Three months ahead of parliamentary elections in Russia, and six months before the country's presidential poll, it is not clear who is likely to replace President Vladimir Putin in power. Perhaps no one. Russia's constitution bars Mr. Putin from seeking a third consecutive term, and he has denied speculation that he might seek changes to remain president. But the popular former KGB agent has indicated he is open to becoming prime minister. Anya Ardayeva looks at possible developments in Russian politics in the months and years ahead.
It was a scene reminiscent of the Soviet era – massive party congress and an appreciative audience applauding a leader's speech.
Only it is October 2007, and it is not the communists, but the pro-Kremlin United Russia Party and the country's president Vladimir Putin, at center stage saying he will head the party's ticket in December elections, and might become prime minister after his second term expires in March.
Analysts say Vladimir Putin's decision will most likely guarantee the party an overwhelming victory in December parliamentary elections. And that means that the next Duma, or the Russian lower house of parliament, will be even more pro-Kremlin.
Nikolai Petrov of the Carnegie Endowment in Moscow tells us, "If Mr. Putin is leading their list, they can count on 70 percent of votes, which doesn't let a lot of votes for all other contenders, and instead of having four parties in parliament, which was planned until this, Mr. Putin's move, we can speak now about two, three perhaps, parties in parliament."
Meanwhile, another political movement, the Other Russia opposition coalition, was refused the right to participate in the upcoming elections. Authorities maintain the movement lacked proper registration criteria under the new law on political parties.
The leader of the coalition, former world chess champion Garry Kasparov, says he will run for president even if his movement does not make it to the lower house of the Russian parliament. "The goal of the Other Russia is not winning election, but to have an election,” he said. “We are trying to force the regime to accept our rights to participate in free and fair elections."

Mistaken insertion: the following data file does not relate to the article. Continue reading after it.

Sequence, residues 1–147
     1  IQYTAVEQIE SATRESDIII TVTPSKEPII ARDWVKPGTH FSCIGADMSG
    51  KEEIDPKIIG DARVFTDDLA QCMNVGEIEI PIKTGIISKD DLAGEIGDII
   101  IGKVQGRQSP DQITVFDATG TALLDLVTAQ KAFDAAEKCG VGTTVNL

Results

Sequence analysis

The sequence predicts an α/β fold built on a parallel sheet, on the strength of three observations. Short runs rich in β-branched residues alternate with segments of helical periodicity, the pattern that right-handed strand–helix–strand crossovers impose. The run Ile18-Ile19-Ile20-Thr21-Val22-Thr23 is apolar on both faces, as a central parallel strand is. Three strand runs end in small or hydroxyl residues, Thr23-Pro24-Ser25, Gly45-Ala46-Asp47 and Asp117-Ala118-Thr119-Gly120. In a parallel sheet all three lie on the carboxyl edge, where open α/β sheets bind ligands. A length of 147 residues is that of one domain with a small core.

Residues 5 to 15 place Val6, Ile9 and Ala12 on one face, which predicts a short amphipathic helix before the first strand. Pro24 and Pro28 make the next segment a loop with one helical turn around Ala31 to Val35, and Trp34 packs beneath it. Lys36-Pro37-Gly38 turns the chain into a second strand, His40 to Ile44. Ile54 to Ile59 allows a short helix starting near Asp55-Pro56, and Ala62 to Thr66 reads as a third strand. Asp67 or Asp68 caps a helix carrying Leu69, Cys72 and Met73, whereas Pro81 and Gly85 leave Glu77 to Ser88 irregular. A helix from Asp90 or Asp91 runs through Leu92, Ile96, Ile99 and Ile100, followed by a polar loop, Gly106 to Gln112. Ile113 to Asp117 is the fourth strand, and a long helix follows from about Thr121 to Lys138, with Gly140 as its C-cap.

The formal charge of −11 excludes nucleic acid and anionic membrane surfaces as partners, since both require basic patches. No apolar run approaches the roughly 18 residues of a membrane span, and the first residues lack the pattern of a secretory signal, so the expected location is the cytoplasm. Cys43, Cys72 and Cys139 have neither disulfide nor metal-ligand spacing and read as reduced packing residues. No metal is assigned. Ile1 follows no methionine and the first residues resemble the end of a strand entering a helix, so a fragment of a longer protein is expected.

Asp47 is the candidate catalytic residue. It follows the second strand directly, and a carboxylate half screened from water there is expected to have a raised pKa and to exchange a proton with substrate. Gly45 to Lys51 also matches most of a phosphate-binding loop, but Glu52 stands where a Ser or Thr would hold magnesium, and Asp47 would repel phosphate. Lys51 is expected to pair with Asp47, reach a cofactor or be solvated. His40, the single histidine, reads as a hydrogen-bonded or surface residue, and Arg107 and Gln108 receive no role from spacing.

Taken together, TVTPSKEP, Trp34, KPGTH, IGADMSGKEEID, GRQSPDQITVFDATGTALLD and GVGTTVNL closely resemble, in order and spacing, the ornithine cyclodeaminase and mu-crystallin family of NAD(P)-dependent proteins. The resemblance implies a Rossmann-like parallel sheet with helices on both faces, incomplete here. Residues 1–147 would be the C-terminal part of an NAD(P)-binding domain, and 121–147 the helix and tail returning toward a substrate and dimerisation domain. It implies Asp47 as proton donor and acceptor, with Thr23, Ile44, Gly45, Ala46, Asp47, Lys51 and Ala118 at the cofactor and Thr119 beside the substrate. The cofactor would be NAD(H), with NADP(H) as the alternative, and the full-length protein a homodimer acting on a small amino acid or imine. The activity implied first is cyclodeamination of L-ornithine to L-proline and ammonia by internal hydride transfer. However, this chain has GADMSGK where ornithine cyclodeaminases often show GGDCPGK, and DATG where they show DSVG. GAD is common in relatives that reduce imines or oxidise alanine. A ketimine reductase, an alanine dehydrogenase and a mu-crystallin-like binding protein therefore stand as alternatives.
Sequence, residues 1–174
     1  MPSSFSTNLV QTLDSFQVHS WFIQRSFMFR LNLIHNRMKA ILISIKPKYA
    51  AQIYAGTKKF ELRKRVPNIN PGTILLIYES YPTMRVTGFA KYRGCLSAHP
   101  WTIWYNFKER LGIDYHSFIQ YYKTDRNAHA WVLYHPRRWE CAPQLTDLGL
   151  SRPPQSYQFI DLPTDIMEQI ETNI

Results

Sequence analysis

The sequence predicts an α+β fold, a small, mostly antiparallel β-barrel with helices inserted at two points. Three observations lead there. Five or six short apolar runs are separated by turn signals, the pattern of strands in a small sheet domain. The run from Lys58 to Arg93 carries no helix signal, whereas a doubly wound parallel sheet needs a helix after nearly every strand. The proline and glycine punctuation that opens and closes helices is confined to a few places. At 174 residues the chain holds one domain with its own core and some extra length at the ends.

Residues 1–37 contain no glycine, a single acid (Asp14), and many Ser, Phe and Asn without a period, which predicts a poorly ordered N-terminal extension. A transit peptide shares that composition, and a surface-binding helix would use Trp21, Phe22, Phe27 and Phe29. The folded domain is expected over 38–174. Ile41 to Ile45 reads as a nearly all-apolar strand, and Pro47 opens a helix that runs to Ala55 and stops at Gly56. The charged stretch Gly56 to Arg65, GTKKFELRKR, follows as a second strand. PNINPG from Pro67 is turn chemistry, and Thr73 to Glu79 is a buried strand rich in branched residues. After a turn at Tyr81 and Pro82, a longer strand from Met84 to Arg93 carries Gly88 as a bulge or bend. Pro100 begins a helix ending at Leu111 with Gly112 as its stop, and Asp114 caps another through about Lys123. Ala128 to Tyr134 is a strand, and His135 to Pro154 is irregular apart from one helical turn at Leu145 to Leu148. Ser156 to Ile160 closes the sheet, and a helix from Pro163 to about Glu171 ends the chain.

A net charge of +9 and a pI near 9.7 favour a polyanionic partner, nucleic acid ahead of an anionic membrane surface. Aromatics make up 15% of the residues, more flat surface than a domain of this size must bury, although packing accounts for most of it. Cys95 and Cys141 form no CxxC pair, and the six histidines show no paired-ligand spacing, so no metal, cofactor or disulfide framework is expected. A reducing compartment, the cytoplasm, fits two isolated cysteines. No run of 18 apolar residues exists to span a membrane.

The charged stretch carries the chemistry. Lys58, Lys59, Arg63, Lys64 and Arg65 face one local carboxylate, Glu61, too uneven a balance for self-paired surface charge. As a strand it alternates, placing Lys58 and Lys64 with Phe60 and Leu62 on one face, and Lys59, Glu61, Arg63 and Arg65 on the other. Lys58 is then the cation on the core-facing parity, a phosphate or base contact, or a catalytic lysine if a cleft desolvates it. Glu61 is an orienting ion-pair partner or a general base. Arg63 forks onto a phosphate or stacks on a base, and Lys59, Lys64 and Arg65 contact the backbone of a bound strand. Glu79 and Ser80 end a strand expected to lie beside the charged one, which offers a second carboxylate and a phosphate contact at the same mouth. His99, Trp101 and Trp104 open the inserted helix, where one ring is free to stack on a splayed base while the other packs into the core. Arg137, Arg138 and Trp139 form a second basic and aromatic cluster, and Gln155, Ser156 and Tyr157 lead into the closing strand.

Garry Kasparov's chances appear small. Recent polls say Vladimir Putin's popularity among
Russians exceeds 80 percent. Kremlin-connected analyst Sergei Markov explains why. "Public expectations are focused on Vladimir Putin, because he turned out to be a very successful president. Unexpectedly successful. And his program is widely supported. And people are afraid that if there is a new president in Russia after Putin, he might be someone like Boris Yeltsin, or Mikhail Gorbachev."
Vladimir Putin is given credit for bringing much-needed economic and political stability to Russia. Its economy had suffered from years of unsuccessful reforms in the 1990s and is currently experiencing an economic boom based on high oil prices. And that, analysts say, is the main reason for Mr. Putin's popularity.
Critics say another reason is the opposition's inability to effectively criticize the Kremlin's policies, because most of the media in Russia is controlled by the state. The West has repeatedly accused Moscow of rolling back democratic freedoms, stifling opposition and limiting freedom of speech. The Kremlin denies the allegations.
Again, Sergei Markov of the Russian Institute. "When American officials talk about democracy, the modern Russian citizen looks at it and sees only flashing dollars in their eyes, and he sees their silent suggestion: 'Give us Russian oil and gas. Then we will say you are a democracy. Leave the market of modern weapons, oil pipelines, and then we say you are a democracy'."
Six months before his presidential mandate expires, Vladimir Putin unexpectedly appointed 66-year-old financial regulator Viktor Zubkov as the country's new prime minister. Shortly afterwards, Mr. Zubkov, who is known for his loyalty to Mr. Putin, said he might run for the presidency. Three weeks later, Mr. Putin announced he might become a prime minister under the new president.
Evgeni Volk of the Moscow office of the Heritage Foundation, says the idea is "to make Mr. Zubkov the president, Mr. Putin will become the prime minister and rather weak president. And actually in this case, even some constitutional changes could be made, allowing the prime minister, in this case Mr. Putin, to have a larger mandate."
And this scenario, analysts say, could work for everybody – the Russian public and the West. Unlike making changes to the constitution to allow Mr. Putin to stay for a third term in office, this political scheme does not violate any laws and allows the Russian leader to run again in 2012, something the United Russia Party members are already suggesting.